Meaningless UN recommendation targeted by Elkhart Republican
By TOM LoBIANCO The Associated Press January 13, 2013 2:44PM
Glenn Beck, author of "Agenda 21." | Sun-Times Media~file
Updated: February 15, 2013 6:23AM
INDIANAPOLIS — A decades-old, innocuous-sounding United Nations document has quickly become a rallying point for those on the right who fear the U.S. government will be overthrown by the UN, and Indiana is the latest state to join the debate born of the tea party.
“Agenda 21” calls for better management of global resources and better care for the environment, amid concern over how global warming will harm people. And, as a UN document, it has no power inside the U.S. aside from being a recommendation.
But with the rise of the tea party and help from people like former Fox News host Glenn Beck and conservative radio talk show host Alex Jones, the proposal has become a symbol of an assumed attempt for the UN to establish a global empire.
The battle is slowly moving from the fringes of the right into statehouses across the nation. Indiana is one of five states that will ponder a ban on implementing the proposal this year. Alabama and Tennessee became the first states to approve bans last year, according to the National Conference of State Legislatures.
State Rep. Tim Neese, an Elkhart Republican and author of a proposal to ban implementation of the UN document, doesn’t see it in quite the same terms as tea party members who have adopted this as a core battle. But he does see it as a broader issue, one that concerns the protection of private property rights and Indiana’s state sovereignty.
“I don’t see it as a battle with environmentalists, as long as people have the ability to choose,” he said. “So when any type of special interest tries to — through a policy whether it be a legislative body or local or state official — to mandate that a specific type of material has to be used. That’s where I think the Agenda 21 policy is going beyond what is neutral.”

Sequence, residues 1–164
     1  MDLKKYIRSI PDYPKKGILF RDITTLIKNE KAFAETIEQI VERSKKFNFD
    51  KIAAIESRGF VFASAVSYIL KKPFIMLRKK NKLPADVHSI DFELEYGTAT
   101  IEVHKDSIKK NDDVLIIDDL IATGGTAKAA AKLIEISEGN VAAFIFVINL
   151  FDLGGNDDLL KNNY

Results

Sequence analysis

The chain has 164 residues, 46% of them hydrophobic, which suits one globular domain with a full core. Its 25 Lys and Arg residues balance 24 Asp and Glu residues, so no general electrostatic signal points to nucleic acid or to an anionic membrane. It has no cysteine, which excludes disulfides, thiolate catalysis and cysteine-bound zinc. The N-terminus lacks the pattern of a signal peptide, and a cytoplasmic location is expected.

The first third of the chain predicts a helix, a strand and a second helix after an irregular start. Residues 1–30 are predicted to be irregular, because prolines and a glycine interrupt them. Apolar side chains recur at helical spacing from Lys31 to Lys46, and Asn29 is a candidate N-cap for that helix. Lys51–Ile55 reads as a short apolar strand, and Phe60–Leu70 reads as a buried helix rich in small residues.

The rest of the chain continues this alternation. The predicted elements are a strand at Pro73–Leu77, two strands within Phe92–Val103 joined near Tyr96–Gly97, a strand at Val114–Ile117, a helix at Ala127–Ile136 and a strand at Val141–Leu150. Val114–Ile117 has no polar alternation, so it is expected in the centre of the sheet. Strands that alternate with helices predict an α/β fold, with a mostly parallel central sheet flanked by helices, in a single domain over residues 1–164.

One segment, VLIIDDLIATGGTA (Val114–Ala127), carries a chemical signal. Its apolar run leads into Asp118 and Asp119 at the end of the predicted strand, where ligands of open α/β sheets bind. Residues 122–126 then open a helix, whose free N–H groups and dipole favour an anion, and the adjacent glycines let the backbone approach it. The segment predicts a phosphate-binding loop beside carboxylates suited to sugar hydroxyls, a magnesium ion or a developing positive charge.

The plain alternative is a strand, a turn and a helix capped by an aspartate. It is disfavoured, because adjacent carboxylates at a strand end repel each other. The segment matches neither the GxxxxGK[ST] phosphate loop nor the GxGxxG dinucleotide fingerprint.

Neese’s proposal was sent to the House committee on interstate and international cooperation, where it has a chance to be heard this session. A companion measure filed by Sen. Dennis Kruse, an Auburn Republican, was sent to the Senate rules committee, where it is likely to die.
The General Assembly will have plenty of property control and sovereignty issues to deal with this session, all proposed by Republicans. One measure would allow gold and silver to be used as currency in Indiana, another would bar federal officials from apprehending someone without consent of the local sheriff and a Senate proposal would grant Indiana the power to nullify federal law, specifically the federal health care law.
Of course, the only thing that ultimately grants a state power is the U.S. Constitution’s 10th Amendment.
These “Agenda 21” measures are unlikely to develop legs, given that Indiana’s legislative leaders are looking to skirt as many hot-button issues as possible this session, focusing instead on the budget, education and jobs.
Jesse Kharbanda, executive director of the Hoosier Environmental Council, said he’s surprised to see the “Agenda 21” proposal from lawmakers he’s previously worked with on other issues, “when they have been pragmatic and foresighted on tackling here-and-now challenges.”
“Indiana faces real environmental challenges with real economic impacts, like the blue-green algae problem, which is hurting our recreational sector and drinking water supplies,” Kharbanda said.